E.S. Venkataramiah, J.
1. The appellant is a judicial officer of the State of Madhya Pradesh, who would have ordinarily retired on January 31, 1984 on attaining 58 years of age. He was appointed as a Munsiff-Magistrate in the erstwhile State of Bhopal in 1953. On reorganisation of States on November 1, 1956, he became a member of the Judicial Service of the State of Madhya Pradesh. He was promoted as an Additional District & Sessions Judge on January 8, 1974 and was confirmed in that post with effect from November 25, 1974. Consequent upon the decision of the State Government to reorganise the Higher Judicial Service of the State of Madhya Pradesh in accordance with the advice of the High Court of Madhya Pradesh, 101 posts of the cadre of Additional District & Sessions Judges came to be abolished and the incumbents of those posts were to be absorbed as District & Sessions Judges as per Government Memorandum dated February 24, 1981. On the issue of the said Memorandum, the High Court of Madhya Pradesh decided to screen the officers in the cadre of Additional District & Sessions Judges for the purpose of making recommendation to the State Government about the promotion of selected officers to the cadre of District & Sessions Judges. For this purpose Full Court Meetings of the Madhya Pradesh High Court were held on February 27 and 28, 1981 and March 1, 1981. The case of the appellant was also considered in that connection. It is stated that at those meetings, the High Court first resolved to scrutinise the cases of all the judicial officers who were to attain the age of 55 years in the year, 1981. In the course of such scrutiny the High Court decided on February 27, 1981 to retire the appellant compulsorily on his attaining the age of 55 years under Rule 56(3) of the Fundamental Rules. On March 1, 1981 it decided not to recommend him for promotion to the cadre of District & Sessions Judges. Accordingly, the State Government was addressed by the High Court to retire the appellant compulsorily. The appellant thereafter continued as an Additional District & Sessions Judge until he was served with the order of compulsory retirement dated August 28, 1981. Aggrieved by that order, the appellant filed a writ petition before the High Court. The petition was dismissed by a Division Bench of the High Court on July 29, 1982. This appeal is preferred by special leave against the judgment of the High Court.
2. Clause (a) of the Fundamental Rule 56(3) as amended in 1976 which governs the case of the appellant reads thus :
F.R. 56(3)(a) A Government servant may, in the public interest, be retired at any time after he attains the age of fifty-five years without assigning any reason by giving him a notice in writing.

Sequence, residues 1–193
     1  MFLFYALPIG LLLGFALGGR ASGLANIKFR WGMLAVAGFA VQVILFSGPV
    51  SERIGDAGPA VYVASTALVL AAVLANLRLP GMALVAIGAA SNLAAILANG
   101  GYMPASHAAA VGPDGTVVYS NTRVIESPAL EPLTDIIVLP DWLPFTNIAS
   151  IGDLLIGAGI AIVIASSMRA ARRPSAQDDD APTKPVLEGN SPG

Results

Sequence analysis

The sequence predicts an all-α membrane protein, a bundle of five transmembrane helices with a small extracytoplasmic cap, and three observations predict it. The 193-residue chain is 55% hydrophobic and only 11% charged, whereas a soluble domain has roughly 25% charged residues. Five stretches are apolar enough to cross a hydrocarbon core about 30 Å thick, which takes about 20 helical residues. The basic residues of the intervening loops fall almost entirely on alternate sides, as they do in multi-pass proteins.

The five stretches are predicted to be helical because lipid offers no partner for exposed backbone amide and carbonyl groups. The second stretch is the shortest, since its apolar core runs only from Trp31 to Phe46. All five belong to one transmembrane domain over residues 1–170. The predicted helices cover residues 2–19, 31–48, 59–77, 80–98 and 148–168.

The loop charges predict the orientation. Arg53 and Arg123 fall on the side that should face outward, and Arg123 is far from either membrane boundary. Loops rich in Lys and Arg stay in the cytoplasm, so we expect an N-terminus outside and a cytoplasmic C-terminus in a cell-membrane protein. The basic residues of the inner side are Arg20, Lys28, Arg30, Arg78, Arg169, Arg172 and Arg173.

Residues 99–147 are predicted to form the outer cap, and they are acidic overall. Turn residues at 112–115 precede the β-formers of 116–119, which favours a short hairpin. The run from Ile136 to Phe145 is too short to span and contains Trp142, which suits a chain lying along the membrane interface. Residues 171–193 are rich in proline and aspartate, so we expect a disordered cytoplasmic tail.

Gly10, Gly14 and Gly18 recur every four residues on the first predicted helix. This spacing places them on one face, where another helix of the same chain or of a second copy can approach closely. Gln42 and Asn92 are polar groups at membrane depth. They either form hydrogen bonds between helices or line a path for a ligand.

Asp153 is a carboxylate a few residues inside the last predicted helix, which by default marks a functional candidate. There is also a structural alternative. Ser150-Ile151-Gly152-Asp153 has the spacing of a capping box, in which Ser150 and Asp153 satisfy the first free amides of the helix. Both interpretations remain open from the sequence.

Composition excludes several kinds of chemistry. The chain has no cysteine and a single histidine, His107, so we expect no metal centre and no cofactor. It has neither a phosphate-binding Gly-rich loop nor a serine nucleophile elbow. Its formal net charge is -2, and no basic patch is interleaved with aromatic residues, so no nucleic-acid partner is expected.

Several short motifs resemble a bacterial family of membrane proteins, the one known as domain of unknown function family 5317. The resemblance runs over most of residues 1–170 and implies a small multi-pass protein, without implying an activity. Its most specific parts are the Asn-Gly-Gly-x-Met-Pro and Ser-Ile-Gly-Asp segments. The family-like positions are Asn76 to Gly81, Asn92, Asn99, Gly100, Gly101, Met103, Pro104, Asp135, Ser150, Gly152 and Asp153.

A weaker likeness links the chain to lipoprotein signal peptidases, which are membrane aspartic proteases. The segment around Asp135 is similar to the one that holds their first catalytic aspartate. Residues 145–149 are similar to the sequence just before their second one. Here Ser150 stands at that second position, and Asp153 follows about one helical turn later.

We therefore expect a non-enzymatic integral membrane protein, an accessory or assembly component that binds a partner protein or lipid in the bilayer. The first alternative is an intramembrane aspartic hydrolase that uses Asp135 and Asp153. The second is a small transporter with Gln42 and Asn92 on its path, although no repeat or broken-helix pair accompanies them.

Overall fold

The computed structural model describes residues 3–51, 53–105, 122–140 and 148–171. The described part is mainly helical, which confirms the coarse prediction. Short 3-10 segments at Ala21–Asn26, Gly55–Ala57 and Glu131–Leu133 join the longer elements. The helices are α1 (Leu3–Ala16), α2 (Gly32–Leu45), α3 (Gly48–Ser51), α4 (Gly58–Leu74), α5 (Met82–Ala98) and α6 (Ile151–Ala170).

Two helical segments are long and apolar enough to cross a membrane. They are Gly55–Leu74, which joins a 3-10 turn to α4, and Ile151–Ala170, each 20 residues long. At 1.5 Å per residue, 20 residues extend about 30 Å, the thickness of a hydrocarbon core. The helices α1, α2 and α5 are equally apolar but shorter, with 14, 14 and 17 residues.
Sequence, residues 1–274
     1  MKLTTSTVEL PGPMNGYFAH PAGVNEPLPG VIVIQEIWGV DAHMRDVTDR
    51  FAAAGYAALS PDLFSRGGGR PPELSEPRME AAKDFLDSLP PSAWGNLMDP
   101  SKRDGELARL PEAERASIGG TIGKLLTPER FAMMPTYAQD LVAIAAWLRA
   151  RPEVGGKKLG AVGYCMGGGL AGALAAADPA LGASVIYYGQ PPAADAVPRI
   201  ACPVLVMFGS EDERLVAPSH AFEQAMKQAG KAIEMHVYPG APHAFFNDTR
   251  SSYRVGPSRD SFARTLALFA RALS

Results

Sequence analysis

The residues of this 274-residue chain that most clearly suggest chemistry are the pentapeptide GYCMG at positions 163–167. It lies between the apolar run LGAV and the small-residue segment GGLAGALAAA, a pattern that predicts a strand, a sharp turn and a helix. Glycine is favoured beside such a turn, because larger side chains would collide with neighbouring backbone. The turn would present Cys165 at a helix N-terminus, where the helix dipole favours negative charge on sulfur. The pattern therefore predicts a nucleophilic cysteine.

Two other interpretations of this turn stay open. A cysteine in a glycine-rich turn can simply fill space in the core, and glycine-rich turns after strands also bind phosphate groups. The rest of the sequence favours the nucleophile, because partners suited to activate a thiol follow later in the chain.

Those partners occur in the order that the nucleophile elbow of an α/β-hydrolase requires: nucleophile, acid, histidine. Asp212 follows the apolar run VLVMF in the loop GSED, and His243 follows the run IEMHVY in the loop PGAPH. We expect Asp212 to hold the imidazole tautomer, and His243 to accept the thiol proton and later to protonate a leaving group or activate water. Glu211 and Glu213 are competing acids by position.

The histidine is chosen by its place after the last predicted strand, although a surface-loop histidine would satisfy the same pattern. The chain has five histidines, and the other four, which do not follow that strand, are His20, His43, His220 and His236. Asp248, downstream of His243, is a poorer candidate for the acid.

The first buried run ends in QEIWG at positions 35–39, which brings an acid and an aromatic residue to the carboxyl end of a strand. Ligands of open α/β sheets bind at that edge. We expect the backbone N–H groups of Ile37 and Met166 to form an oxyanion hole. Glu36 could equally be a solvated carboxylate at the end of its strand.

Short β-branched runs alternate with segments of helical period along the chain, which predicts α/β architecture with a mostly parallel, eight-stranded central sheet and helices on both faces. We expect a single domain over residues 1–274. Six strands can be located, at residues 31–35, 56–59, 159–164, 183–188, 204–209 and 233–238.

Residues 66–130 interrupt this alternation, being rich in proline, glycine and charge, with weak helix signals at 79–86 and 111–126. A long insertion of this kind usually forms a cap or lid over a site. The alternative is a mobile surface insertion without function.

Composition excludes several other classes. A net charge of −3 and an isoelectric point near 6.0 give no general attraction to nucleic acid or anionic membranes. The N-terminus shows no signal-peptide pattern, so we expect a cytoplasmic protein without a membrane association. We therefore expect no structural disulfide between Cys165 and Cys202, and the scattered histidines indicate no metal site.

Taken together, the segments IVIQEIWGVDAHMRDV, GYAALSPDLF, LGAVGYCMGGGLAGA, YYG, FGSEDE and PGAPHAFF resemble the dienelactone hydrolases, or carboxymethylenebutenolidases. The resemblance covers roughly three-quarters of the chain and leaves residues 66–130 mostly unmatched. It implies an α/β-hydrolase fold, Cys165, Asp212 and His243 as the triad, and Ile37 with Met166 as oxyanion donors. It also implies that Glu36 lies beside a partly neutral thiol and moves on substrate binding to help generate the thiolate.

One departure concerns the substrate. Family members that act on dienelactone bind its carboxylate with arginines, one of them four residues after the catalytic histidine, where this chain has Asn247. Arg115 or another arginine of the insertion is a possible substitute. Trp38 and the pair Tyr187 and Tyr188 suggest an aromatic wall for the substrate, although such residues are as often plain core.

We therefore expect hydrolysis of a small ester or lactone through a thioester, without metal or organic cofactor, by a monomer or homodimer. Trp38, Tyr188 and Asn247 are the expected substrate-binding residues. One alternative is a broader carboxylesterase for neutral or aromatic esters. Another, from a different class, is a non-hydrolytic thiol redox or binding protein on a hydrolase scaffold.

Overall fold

3. It is contended that the order of compulsory retirement is unsustainable on various grounds and the principal ground urged is that the High Court had made the recommendation to retire the appellant compulsorily without applying its mind to the case as required by law; that it was a decision based on collateral considerations and that it was arbitrary.
4. It is now firmly settled that the power to retire a Government servant compulsorily in public interest in terms of a service rule is absolute provided the authority concerned forms an opinion bona fide that it is necessary to pass such an order in public, interest. It is equally well settled that if such decision is based on collateral grounds or if the decision is arbitrary, it is liable to be interfered with by courts. (See Union of India v. Col. J.N. Sinha and Anr.) : (1970)IILLJ284SC . We have also gone through the following decisions, namely, Union of India v. M.E. Reddy and Anr. : (1980)ILLJ7SC , Swami Saran Saksena v. State of U.P. : (1980)ILLJ103SC , Baldev Raj Chadha v. Union of India and Ors. : (1980)IILLJ459SC , Brij Bihari Lal Agarwal v. High Court of Madhya Pradesh and Ors. : (1982)ILLJ1SC and D. Ramaswami v. State of Tamil Nadu  2 S.C.R. 75 which have a bearing on the question before us. We shall now proceed to deal with the facts of the case in the light of the principles enunciated in the above decisions.
5. In Para 10 of the counter affidavit of Shri A.K. Pandey, Additional Registrar of the High Court of Madhya Pradesh filed before this Court, it is stated as follows :
It is not disputed that Full Court Meeting was held on 27th/28th February, as well as Ist March, 1981 to consider the cases of Additional District & Sessions Judges for promototion in the Higher Judicial Service. It is also not disputed that the petitioner stood at serial No. 10 in the seniority list of Additional District & Sessions Judges. It is also not disputed that he was confirmed as Additional District & Sessions Judge in August, 1976. The personal confidential record of the petitioner is placed before this Hon'ble Court and (it) speaks for itself (Annexure R-XI to XXXVIII). It is wrong to say that any extraneous consideration operated in the Full Court Meeting against the petitioner and it is wrong to say that the resolutions in the Court Meeting were unjust, arbitrary or malafide.... As already pointed out, the decision was taken in Full Court Meeting after consideration of the entire record of the petitioner. The decision to retire the petitioner under Fundamental Rule 56(3) was after due consideration of the entire record of the petitioner. (Confidential entries are Annexures R-XI to XXXVIII).